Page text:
Pre-visualise the scene without having the camera to the eye
SIGMA 50mm F1.4 DG DN | Art, SIGMA fp L, ISO 320, F1.4, 1/160s
Serendipity and the never-ending possibilities are what photography means to me.
After 30 years of full-time photography, I am still learning new techniques every day. My true love is to just walk with one camera, one lens, without an agenda and capture what attracts my eye, whether it is shapes, colours or symmetry. The walk could be for only five minutes or from early morning to late evening, it all just depends on where the day takes me.
Photography for me started way back in the late 70s, when my uncle Ernie showed me his camera. When I asked him how it works, he said to me “it’s really complicated”. My dad then gave me a camera for my birthday that same year.
Fast forward to 1992. I left my job working at an estate agency to become a ‘freelance photographer’ and to be honest, I really didn’t know what I was doing. I learned all I could through reading, shooting a lot of film, and by making lots of mistakes, which taught me some harsh but needed lessons.
SIGMA 50mm F1.4 DG DN | Art, SIGMA fp L, ISO 100, F1.4, 1/320s,
Sitting in a bird watching cabin as the sun sets and birds flock overhead. Wonderful colour rendition and
background blur created by the SIGMA 50mm F1.4 DG DN | Art.
SIGMA 50mm F1.4 DG DN | Art, SIGMA fp L, ISO 160, F7.1, 1/500s
The crows perched as a man passes by. When everything comes together. It’s just at the moment when everything connects and it’s these moments that makes all the time and effort of finding the image worthwhile.
SIGMA 50mm F1.4 DG DN | Art, SIGMA fp L, ISO 320, F5, 1/500s,
The Danger of Death sign was my main interest when taking this image. To play on the words, I was waiting for someone to pass by, ideally vaping to create a huge cloud of smoke. I composed, manually focussed and waited… After quite a few shots and 20 minutes later someone passed by blowing their nose.
Since then, I have travelled extensively for my work, producing images for multiple publications and publishing two books. I now work on long term essays such as Brighton Beach UK since 2000 and the Kent coast since 2020 and use a combination of my favourite focal lengths, such as 24mm, 28mm, 35mm and 50mm.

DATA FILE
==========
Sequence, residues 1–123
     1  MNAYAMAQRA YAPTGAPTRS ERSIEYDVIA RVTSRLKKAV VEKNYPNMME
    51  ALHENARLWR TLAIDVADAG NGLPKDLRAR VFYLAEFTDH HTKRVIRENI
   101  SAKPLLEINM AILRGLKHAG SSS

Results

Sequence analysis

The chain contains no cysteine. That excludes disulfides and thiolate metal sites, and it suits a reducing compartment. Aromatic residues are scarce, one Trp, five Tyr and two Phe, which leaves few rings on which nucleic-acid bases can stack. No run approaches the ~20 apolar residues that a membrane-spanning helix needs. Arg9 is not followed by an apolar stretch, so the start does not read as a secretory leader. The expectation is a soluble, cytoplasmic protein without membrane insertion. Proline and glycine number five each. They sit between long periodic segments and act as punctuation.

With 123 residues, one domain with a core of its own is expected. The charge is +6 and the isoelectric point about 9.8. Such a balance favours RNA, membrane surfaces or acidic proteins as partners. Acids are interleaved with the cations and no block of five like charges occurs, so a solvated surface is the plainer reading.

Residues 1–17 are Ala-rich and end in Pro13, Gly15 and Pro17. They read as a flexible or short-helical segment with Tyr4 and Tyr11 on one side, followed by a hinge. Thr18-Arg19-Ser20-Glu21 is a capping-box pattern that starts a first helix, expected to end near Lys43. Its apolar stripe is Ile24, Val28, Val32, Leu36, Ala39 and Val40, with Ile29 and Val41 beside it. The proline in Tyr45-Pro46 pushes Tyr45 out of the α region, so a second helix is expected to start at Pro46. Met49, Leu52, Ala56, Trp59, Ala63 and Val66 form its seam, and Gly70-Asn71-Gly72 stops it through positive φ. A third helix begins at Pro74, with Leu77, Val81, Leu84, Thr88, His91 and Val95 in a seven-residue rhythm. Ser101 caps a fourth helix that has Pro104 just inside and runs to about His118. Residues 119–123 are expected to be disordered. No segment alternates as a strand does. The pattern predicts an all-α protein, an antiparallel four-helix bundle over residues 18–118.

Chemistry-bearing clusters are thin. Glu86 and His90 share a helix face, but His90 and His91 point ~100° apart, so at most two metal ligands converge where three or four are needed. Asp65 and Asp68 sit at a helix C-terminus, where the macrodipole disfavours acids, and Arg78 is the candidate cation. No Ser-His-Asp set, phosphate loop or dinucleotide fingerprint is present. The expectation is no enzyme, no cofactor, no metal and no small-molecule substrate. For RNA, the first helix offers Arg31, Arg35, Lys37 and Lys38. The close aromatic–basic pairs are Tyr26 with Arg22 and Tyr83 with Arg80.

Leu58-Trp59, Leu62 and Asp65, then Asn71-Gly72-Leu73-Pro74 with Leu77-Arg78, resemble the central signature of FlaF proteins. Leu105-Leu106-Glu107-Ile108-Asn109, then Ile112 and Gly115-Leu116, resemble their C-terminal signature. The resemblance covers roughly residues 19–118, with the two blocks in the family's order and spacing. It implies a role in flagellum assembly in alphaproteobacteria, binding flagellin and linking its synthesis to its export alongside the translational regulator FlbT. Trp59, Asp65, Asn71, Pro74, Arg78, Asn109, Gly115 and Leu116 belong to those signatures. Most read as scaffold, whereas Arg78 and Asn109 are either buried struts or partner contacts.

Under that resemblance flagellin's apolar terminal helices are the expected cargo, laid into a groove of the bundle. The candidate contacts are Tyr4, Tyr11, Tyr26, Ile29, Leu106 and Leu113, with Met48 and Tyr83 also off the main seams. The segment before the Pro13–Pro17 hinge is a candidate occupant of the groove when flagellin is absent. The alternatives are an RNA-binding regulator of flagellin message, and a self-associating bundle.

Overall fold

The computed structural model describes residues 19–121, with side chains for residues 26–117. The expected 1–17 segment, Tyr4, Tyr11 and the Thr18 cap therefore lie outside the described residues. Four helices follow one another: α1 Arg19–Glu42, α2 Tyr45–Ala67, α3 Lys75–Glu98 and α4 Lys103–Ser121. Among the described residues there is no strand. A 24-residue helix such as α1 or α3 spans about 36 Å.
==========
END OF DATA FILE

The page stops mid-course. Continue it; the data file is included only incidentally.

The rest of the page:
SIGMA 50mm F1.4 DG DN | Art, SIGMA fp L, ISO 320, F5.6, 1/320s
SIGMA 50mm F1.4 DG DN | Art, SIGMA fp L, ISO 640, F8, 1/250s
Seagulls flocking in the evening. It’s not easy to create an image of flocking birds as there needs to be a point of reference. This was the best and last in a set of 25 images. What I love about the SIGMA 50mm F1.4 DG DN | Art is how it condenses perspective more than wide angle lenses, bringing the whole scene a little closer.
SIGMA 50mm F1.4 DG DN | Art, SIGMA fp L, ISO 640, F3.2, 1/160s,
A fisherman sits and waits. I love the quality of light and how the scene is rendered. This is near dark with the main source of illumination being the clouds as they glowed whilst the sun dipped below the horizon.
* The images without photograph data have been created with lenses other than SIGMA 50mm F1.4 DG DN | Art
SIGMA 50mm F1.4 DG DN | Art, SIGMA fp L, ISO 160, F6.3, 1/200s
I must say the SIGMA 50mm F1.4 DG DN | Art is a very special lens to me. It has many uses from landscape to portrait, whilst the F1.4 aperture allows for wonderful shallow depth of field effects that separate and isolate the subject, plus it allows me to not even bother taking a tripod with me, as the light gathering ability of the SIGMA 50mm F1.4 DG DN | Art lens is superb.
Photography is more often about just being in the right place at the right time. The image above captures Folkestone harbour at the right time, towards the end of day as the clouds glow with the remnants last light. The SIGMA 50mm F1.4 DG DN | Art was the right lens needed to capture this moment.
SIGMA 50mm F1.4 DG DN | Art, SIGMA fp L, ISO 1000, F4, 1/125s
SIGMA 50mm F1.4 DG DN | Art, SIGMA fp L, ISO 320, F3.5, 1/160s
Taken in The Lanes, Brighton. This area of very narrow streets and low light is perfect for the fast 50mm F1.4 DG DN | Art.
Someone drawing on the condensation of the window. This was a quick reaction ‘snapshot’.
It was quite dark and I saw what was happening very late and managed only a few images before there was nothing to see.
Street photography requires quick thinking and occasional stealth to capture the moment. Spontaneity to see something before it happens with the ability and understanding of your gear to adjust camera settings without thinking too much. Focusing the mind on the scene and not on the gear. The ability to pre-visualise the scene without having the camera to the eye makes 50mm F1.4 DG DN a perfect choice.
For these reasons, I take my time on the street seriously, regardless of the length of the walk. ‘Nifty 50’ lenses have their place in photographic history as they have been used by the greats such as Henry Cartier-Bresson and Garry Winogrand. The SIGMA 50mm F1.4 DG DN | Art is in fact a kind of Goldilocks choice out of all lens options, because it’s not too wide and not too telephoto, closely resembling what the eye sees with little distortion. The lens delivers exactly what I want from this type of focal length.